US equities were weaker Tuesday, the S&P down 0.8% following declines in Europe. There’s been nothing especially new to shape sentiment, the market instead taking something of a pause after the substantial post-payroll gains as risk turned less bullish.
Asian stocks are poised for a lower start Wednesday after a retreat in US equities and concerns the recent risk-asset rally had run too far. As has been the steady follow-through narrative, Asian equity markets will look to take their lead from US equities.
US stock markets are up almost 45% since the March lows, which is easily the most significant rise in the shortest time ever. The current sell-off (across all assets) seems a little overdone in the context of the ongoing bullish narrative. Nonetheless, there’s profit-taking and squaring of positions leaking into the fray in front of the FOMC.
Given the ridiculously impressive risk recovery, it’s not surprising to see small wobbles and bobbles sidelining investors, giving the market a breather and a chance to consolidate.
Without stating the obvious, Wednesday's FOMC decision will determine whether the pause extends a little longer or not. If the Fed doesn’t take any further action, risk sentiment might cool its jets for longer.
While uncertainty ahead of this week's FOMC meeting is likely to keep bullish ambitions at bay, it doesn’t feel like investors need much of an excuse to sit on their hands.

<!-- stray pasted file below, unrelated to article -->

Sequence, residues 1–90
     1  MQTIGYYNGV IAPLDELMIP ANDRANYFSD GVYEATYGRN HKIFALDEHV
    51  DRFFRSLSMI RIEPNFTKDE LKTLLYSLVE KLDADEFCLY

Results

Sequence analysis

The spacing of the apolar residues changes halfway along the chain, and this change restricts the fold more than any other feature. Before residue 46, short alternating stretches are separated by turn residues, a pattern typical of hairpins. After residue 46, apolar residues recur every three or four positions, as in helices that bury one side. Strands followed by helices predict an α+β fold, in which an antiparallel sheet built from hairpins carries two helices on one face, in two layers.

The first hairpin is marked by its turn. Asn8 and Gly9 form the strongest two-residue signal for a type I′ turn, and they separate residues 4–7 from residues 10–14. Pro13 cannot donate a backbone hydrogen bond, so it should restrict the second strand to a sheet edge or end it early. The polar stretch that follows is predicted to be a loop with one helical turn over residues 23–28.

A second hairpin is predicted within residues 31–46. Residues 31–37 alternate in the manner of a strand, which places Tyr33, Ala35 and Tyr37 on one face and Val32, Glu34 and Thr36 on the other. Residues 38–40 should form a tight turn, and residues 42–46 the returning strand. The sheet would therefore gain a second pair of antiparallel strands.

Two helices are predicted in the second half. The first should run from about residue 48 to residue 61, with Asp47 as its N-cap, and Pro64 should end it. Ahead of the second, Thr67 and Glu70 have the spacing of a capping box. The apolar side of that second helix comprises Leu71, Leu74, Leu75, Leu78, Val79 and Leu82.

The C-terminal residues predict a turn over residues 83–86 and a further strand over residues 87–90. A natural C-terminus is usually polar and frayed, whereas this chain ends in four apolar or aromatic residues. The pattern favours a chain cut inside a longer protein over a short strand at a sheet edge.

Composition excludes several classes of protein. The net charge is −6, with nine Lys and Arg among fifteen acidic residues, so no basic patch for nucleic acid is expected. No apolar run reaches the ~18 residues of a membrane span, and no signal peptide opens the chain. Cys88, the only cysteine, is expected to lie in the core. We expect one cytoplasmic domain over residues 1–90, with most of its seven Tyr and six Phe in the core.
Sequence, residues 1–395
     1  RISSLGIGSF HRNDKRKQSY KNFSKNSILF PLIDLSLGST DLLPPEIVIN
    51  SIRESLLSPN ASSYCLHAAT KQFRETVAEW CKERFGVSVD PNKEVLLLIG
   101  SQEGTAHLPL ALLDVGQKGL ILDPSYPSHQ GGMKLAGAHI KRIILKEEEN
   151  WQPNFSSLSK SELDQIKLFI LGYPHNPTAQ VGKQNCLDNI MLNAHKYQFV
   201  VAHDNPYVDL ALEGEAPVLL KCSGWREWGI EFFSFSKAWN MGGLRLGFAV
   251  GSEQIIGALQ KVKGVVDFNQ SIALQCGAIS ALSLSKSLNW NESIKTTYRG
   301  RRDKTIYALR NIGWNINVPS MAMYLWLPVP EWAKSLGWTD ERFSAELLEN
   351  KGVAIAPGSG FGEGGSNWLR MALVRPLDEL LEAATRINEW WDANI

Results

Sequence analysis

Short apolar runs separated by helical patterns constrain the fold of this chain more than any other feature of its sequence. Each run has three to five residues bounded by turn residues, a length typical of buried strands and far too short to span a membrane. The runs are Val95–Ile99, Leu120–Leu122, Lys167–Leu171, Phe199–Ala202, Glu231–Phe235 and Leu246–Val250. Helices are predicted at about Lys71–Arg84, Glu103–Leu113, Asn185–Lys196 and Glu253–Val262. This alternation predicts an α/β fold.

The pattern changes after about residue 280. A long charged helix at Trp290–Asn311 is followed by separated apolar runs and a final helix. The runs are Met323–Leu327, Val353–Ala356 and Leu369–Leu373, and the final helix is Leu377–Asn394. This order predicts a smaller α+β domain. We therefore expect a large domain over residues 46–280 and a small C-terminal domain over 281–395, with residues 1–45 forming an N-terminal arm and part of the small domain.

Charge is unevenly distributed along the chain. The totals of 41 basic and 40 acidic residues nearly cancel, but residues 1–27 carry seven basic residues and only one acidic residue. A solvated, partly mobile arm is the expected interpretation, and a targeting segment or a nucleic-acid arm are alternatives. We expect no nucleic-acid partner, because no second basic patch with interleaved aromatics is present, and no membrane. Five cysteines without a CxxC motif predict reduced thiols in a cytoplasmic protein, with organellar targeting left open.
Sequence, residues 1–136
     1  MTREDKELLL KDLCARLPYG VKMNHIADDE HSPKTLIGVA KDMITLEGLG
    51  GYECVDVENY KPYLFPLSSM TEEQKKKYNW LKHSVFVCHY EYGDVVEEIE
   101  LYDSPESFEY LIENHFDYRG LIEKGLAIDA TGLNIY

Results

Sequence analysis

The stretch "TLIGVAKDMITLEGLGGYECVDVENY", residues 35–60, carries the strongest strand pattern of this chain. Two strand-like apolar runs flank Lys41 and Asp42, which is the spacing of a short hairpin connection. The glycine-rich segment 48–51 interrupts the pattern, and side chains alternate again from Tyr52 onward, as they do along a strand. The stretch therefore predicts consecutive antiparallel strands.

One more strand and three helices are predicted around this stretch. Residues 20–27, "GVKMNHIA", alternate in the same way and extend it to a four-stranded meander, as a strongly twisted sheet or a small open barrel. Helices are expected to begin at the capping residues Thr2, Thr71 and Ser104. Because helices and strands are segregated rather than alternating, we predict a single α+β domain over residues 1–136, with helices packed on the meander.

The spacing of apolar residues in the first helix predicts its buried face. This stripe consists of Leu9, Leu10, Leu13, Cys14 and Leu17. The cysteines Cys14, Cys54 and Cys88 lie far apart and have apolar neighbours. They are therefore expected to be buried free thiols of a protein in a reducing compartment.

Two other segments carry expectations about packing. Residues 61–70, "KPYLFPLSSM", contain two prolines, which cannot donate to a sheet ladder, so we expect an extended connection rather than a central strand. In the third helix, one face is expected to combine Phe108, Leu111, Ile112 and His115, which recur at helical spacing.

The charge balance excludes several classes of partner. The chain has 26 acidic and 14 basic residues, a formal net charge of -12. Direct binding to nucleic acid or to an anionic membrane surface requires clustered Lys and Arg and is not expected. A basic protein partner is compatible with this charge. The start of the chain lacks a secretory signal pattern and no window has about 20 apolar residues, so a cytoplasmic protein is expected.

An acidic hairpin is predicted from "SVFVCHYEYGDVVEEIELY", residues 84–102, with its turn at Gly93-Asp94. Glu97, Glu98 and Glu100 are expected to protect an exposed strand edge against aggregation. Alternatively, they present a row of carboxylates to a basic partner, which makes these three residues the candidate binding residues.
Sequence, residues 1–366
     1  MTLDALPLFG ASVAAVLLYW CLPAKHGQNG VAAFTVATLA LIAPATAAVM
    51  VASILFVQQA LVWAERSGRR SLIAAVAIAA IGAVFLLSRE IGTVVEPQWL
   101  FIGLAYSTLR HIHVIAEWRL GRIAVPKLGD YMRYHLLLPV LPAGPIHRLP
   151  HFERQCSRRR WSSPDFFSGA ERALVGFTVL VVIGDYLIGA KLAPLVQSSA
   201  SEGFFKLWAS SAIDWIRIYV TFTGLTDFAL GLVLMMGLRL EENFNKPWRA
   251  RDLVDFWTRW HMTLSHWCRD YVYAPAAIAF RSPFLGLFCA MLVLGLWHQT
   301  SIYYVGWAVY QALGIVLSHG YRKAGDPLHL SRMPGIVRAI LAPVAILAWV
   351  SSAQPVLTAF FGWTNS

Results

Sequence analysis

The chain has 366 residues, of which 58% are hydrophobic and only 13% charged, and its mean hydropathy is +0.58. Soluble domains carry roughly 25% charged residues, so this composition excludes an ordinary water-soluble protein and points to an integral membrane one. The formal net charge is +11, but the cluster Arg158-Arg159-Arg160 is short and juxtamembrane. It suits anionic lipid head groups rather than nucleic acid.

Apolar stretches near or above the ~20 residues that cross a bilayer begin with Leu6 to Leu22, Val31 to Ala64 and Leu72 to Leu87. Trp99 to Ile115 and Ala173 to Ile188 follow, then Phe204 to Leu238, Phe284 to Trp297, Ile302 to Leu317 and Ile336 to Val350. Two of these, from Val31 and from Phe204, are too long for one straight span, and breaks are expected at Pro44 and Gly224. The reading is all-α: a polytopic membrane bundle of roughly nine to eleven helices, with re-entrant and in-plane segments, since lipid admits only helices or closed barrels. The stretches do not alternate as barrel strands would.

A second wave of the virus is the biggest threat to the ongoing recovery in markets and the economy. However, another risk could be mounting: complacency. Recent data and the strength of equities may lead policymakers to step back from providing support. Indeed, if Mitch McConnell, the Republican Senate majority leader, had his way, it would be cut as he thinks the economy is already on the mend.
Closer to home, the outbreak of the virus has led to increasing tensions between Australia and China, which has been reflected in the form of tariffs and more stringent screening on foreign investors. However, even before the virus there were signs that China was starting to pull back from investing in Australia. According to the "demystifying Chinese Investment in Australia" report by KPMG and the University of Sydney, Chinese investment in Australia fell 58.4% last year to AUD$3.4bn, the lowest since 2007. The number of deals fell from 74 in 2018 to 42 last year, with one accounting for 43.7% of the year's total.
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Soaring US yields trigger the wrecking ball effect as yields become a source of volatility for risk, rather than a source of support